Intel founds Netbook and Tablet Group

Intel founds Netbook and Tablet Group

Intel's Netbook and Tablet Group is a direct response to ARM's dominance of the tablet market.

In an attempt to organise itself against the growing threat posed by ARM's dominance of the burgeoning tablet market, Intel has started a new division: the Netbook and Tablet Group.

Confirmed by Intel spokesman Bill Kircos in an interview with The New York Times, the group will be headed by Douglas Davis, currently in charge of Intel's Embedded Communications Group. It's not yet known who will take over Davis' previous role at the company.

Discussing the new group, and the decision to shuffle Davis across to lead it, Kircos claimed 'it makes sense for us to sharpen our focus on these friends of the PC, and Doug's experience running a similar and very successful embedded division makes him the right guy to lead the group.'

Tablet PCs are proving a major growth industry, and with sales expected to reach 19.5 million by the end of the year and almost triple by the end of 2011, it's clear why Intel would set up a tablet-specific group: the threat from ARM.

With the overwhelming majority of tablet systems on the market today, from Apple's iPad to the growing number of Android-based devices that are cropping up at all ends of the price spectrum, running an ARM-designed processor, Intel's rival Atom chip is increasingly shut out - and with ARM starting to make moves on the Intel-dominated netbook market too, it's clear that the company needs to figure out what its response should be.

Further details of the group are not yet available, pending an official announcement from Intel.

Do you think that Intel has what it takes to recapture the tablet market from ARM, or is Intel's time in the sun coming to an end? Share your thoughts over in the forums.


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confusis 10th December 2010, 07:40 Quote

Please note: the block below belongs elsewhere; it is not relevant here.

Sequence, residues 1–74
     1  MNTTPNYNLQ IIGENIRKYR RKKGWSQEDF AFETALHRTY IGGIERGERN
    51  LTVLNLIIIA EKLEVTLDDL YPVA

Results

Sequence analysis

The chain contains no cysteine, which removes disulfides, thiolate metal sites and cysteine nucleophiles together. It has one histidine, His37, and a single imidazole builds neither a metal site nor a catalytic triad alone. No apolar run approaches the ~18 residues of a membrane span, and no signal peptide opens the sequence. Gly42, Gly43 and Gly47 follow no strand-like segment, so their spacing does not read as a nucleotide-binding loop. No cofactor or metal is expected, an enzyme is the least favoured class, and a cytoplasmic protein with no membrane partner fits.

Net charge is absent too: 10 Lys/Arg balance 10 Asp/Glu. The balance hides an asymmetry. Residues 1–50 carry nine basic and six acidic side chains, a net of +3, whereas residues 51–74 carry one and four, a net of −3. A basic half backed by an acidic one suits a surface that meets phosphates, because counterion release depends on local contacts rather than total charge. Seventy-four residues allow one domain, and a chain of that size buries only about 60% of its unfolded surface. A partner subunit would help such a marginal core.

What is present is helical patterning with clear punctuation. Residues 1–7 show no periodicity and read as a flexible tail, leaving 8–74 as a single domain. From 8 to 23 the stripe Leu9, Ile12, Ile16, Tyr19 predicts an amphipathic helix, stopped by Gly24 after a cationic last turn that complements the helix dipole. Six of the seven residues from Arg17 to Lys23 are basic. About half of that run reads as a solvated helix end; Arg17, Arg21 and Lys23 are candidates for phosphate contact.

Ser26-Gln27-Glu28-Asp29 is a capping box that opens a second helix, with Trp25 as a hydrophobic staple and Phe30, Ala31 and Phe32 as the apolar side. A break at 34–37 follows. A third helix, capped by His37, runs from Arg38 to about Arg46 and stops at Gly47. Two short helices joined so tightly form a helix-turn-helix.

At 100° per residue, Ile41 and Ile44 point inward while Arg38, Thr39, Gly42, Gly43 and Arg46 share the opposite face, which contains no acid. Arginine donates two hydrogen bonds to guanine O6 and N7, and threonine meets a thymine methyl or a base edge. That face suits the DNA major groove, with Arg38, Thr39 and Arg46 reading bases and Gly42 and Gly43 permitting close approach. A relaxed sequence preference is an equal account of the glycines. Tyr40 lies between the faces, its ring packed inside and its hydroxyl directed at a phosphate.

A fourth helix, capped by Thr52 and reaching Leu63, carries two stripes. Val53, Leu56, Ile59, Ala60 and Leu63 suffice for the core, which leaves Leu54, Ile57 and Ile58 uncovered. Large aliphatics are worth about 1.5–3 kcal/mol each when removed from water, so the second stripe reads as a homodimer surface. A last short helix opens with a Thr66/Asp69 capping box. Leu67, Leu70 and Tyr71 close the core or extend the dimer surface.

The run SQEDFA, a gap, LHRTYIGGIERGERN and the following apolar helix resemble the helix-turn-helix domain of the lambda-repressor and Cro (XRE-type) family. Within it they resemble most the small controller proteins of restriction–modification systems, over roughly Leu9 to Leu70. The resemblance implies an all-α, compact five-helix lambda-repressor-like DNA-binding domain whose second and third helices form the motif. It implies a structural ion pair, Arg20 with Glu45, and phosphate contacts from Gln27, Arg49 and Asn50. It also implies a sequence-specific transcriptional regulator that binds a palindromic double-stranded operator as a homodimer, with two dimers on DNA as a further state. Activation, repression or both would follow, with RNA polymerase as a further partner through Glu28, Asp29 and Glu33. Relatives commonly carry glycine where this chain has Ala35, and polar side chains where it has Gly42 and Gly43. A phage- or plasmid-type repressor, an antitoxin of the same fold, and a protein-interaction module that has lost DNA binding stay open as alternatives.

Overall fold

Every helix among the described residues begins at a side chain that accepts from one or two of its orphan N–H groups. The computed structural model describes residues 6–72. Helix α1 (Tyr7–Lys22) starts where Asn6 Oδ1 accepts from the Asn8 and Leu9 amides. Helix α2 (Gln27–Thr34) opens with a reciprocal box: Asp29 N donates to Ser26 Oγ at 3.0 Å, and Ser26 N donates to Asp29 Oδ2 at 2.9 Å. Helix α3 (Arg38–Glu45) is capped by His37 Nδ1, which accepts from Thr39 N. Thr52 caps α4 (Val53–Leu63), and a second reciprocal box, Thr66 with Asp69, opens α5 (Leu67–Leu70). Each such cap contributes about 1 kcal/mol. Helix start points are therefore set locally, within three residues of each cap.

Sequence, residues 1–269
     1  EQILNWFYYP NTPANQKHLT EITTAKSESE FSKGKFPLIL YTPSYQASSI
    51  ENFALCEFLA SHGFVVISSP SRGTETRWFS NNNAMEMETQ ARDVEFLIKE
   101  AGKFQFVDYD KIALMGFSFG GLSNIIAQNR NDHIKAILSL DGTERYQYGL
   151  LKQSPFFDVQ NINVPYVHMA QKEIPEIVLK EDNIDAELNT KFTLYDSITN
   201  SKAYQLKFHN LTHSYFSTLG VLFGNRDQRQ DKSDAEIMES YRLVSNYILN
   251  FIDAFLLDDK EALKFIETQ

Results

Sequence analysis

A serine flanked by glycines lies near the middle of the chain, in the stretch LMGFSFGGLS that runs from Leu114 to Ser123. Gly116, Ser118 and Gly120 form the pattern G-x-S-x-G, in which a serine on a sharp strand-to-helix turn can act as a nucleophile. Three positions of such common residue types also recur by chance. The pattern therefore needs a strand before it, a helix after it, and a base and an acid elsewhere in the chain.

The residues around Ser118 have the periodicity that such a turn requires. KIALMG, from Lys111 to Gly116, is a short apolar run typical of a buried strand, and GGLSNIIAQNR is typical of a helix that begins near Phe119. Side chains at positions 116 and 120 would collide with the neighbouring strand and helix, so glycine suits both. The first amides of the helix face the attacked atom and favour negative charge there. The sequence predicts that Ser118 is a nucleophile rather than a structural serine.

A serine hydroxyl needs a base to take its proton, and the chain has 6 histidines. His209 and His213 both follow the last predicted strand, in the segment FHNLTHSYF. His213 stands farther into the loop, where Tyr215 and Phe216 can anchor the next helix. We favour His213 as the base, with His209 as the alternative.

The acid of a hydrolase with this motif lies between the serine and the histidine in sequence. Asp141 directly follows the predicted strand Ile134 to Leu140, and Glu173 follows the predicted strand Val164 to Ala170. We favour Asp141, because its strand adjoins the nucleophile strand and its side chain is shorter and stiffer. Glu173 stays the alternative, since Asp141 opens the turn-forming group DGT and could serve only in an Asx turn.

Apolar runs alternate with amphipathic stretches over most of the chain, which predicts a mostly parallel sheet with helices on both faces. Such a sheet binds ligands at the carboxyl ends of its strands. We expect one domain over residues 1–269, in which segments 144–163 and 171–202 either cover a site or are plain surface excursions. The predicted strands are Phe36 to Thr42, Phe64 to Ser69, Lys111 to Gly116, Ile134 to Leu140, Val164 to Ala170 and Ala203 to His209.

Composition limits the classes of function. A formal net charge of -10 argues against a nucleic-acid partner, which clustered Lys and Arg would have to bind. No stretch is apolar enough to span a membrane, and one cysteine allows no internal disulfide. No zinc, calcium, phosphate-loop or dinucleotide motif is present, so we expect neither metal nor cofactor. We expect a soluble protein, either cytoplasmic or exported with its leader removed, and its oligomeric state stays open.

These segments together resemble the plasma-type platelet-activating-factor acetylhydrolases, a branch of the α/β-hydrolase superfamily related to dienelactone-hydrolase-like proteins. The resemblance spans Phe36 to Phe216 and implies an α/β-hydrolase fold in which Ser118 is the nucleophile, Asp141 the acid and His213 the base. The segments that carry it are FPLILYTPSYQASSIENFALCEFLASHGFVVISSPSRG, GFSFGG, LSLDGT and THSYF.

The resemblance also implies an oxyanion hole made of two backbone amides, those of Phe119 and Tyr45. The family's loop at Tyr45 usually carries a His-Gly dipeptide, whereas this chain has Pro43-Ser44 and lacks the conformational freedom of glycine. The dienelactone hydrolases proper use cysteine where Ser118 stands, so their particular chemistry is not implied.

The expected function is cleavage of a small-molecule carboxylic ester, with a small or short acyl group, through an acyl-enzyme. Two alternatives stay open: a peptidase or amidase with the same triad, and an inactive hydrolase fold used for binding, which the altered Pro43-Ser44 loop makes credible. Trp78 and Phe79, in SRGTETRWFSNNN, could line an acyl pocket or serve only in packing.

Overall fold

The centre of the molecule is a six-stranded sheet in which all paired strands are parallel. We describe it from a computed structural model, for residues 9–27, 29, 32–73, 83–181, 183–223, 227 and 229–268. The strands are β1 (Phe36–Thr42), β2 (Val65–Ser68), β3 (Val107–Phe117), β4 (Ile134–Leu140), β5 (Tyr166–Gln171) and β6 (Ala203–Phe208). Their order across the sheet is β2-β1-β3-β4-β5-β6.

Sounds like intel's panicking..
proxess 10th December 2010, 08:31 Quote
It does sound like they're nervous, doesn't it...
sixfootsideburns 10th December 2010, 11:36 Quote
Originally Posted by confusis
Sounds like intel's panicking..
Originally Posted by proxess
It does sound like they're nervous, doesn't it...

Well at least thats how the article makes it out. Truthfully it could just be a sound business decision also. If the market is expected to net some 55-65 million in profit for 2011 then I think we can realistically expect that to keep growing in the years to come or at least stay at a relatively consistent level. There would be no reason for them NOT to try and get their foot in the door of the tablet market.

I'm thrilled for it to be honest, if for no other reason it will drive competition and keep prices more reasonable for us consumers.
l3v1ck 10th December 2010, 11:40 Quote
Intel fought off VIA's superior Nano with their atom, so I expect they can fight off ARM in netbook.
Spuzzell 10th December 2010, 14:00 Quote
I don't think Intel are looking to usurp ARM, just to get themselves a bit of the pie.

ARM have a fantastic market position in the smartphone/tablet sector, it would cost Intel an absolute fortune in R&D and vendor incentives to even catch up. I can't see why from a business standpoint they would bother.

Netbooks are a whole different ballpark, I'd expect Intel to own that for the foreseeable.
schmidtbag 10th December 2010, 15:47 Quote
keep in mind arm isn't the only threat. if amd's next chips are as powerful and low-wattage as they claim, intel not only has to deal with arm taking tablets and phones away from them but they have amd taking away everything else. amd graphics are also better, and as far as i'm aware, arm chips can work with nvidia's so i'm not really sure how intel is going to make something efficient enough.

i like the idea of competition but intel tends to ruin the fun of competition, i would like it if they just butt out and let arm do their business.
Tangster 14th December 2010, 22:50 Quote
Originally Posted by l3v1ck
Intel fought off VIA's superior Nano with their atom, so I expect they can fight off ARM in netbook.

They didn't fight it off as much as VIA failed to bring a suitable quantity to market.
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